NDC will help airlines tackle some – not all – of these challenges, but it’s a start for an industry that tends to move at a snail’s pace when it comes to technology.

What is NDC or New Distribution Capability?

To keep it simple, New Distribution Capability means exactly what it says: airlines now have new capabilities to control and distribute their own inventory through digital channels. The premise of NDC is to help airlines cut out the supply chain middleman that controls “the offer” (GDS companies such as Amadeus and Sabre) and instead distribute rich content directly to online travel agencies and the end customers themselves.

Traditionally, airlines have been in an unsolvable predicament: they own all the inventory for air travel but control hardly any of the distribution. Their only function in creating “the offer” was to provide schedules and seat availability to third parties such as online travel agencies, who created and controlled the actual offer to end customers, including pricing and ancillary up-selling and cross-selling.

On the back end, this exchange of information between airlines and third parties was routed through the global distribution system (GDS), which collects fees from airlines on every transaction. By adopting the NDC messaging standard, airlines and travel agencies can cut the GDS companies (and their fees) out of the supply chain, and deal with each other directly. With NDC, airlines are able to supply travel agencies with much more than just price and availability – they can create rich content that is personalized, customized and packaged with ancillary merchandise before it even gets to the travel agency. NDC presents a major opportunity not only for airlines but also airports, retail partners, loyalty marketers, payment providers and so many others inside and outside the travel industry.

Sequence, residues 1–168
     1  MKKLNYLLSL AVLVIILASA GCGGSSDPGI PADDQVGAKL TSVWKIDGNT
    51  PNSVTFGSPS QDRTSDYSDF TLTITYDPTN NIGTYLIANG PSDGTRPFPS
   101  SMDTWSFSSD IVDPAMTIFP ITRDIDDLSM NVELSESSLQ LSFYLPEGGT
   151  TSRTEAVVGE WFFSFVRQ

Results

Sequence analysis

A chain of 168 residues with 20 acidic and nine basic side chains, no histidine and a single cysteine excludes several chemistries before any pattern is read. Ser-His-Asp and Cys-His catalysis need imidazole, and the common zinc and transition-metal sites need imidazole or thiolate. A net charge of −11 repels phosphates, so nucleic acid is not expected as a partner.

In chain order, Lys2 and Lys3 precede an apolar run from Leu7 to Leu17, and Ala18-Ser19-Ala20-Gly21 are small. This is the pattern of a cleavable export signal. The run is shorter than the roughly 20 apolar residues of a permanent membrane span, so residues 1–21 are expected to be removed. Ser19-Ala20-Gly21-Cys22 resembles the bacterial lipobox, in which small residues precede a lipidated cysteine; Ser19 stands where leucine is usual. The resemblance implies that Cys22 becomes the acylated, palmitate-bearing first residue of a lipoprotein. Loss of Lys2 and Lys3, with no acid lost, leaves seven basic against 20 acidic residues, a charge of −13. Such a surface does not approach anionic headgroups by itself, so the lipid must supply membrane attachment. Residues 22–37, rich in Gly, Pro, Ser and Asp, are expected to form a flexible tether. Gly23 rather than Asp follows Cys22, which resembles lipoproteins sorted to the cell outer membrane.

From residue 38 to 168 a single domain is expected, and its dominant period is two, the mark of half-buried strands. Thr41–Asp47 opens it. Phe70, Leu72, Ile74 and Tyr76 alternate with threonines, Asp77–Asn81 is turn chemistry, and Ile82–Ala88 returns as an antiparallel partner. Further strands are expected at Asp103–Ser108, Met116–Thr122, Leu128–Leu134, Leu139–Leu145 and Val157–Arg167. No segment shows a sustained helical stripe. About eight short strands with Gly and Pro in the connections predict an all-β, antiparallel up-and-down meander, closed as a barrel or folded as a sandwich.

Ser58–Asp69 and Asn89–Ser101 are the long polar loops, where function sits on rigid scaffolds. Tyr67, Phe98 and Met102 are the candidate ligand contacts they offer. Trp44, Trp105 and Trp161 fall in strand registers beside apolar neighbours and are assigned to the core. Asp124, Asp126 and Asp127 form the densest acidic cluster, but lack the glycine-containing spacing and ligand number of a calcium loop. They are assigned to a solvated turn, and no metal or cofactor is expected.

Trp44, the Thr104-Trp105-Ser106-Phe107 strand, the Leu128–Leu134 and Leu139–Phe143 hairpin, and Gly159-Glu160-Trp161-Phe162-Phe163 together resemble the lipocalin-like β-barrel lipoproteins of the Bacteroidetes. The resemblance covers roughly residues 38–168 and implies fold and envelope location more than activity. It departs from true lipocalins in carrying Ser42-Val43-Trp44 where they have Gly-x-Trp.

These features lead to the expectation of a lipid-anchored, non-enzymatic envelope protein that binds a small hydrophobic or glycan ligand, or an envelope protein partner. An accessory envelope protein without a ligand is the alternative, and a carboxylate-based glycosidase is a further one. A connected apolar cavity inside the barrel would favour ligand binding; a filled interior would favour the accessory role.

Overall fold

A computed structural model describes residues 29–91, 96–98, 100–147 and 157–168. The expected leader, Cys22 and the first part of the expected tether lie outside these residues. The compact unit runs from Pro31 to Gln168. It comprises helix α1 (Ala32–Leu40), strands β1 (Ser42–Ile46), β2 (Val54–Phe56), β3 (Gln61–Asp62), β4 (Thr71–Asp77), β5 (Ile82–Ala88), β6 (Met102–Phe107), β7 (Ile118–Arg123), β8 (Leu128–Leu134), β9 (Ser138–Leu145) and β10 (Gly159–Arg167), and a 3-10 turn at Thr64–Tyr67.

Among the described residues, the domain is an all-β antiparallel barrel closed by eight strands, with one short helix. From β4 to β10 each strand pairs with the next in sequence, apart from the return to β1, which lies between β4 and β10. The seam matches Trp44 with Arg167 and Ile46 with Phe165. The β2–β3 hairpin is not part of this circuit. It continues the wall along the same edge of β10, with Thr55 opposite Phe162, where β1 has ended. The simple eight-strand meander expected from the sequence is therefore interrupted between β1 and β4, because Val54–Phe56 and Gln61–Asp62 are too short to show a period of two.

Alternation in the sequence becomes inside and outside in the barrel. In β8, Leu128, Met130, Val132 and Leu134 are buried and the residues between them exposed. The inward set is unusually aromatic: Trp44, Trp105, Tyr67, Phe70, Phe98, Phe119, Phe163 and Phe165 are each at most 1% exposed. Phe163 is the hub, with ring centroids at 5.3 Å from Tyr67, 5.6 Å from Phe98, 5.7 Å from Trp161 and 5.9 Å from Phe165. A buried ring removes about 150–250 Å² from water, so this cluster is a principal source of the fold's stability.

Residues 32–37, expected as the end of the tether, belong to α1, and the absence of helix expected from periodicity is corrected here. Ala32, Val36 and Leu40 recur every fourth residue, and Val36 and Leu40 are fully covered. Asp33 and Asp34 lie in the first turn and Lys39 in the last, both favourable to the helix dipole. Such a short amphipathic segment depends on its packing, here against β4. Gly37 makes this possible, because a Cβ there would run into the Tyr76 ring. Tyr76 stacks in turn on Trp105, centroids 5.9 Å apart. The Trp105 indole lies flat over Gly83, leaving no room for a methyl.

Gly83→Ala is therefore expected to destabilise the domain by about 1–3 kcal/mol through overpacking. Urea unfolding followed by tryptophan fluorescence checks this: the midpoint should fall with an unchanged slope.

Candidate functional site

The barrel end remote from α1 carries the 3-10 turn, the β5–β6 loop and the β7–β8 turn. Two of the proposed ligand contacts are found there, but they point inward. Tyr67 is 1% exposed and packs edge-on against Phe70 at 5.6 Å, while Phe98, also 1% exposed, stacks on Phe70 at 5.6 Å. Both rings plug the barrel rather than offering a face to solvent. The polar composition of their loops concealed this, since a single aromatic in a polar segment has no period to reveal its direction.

Should Airlines Implement NDC?

NDC is the result of a long-running industry conversation about the best approaches to travel distribution in a digital age. Not surprisingly, it’s provoked a lot of discussion and even controversy throughout the airline and travel technology ecosystems. Aside from being an obscure new data standard, what’s really at stake with NDC implementation?

These are few of the issues we see from a PR firm’s perspective…

  • As more airlines implement NDC and invest in their own booking engines, how will it change the relationship between airlines and online travel agencies, or between OTAs themselves?
  • With more sophisticated capabilities for ancillary merchandising, who will “own” customer relationships across the travel ecosystem, suppliers or distributors? Can anyone?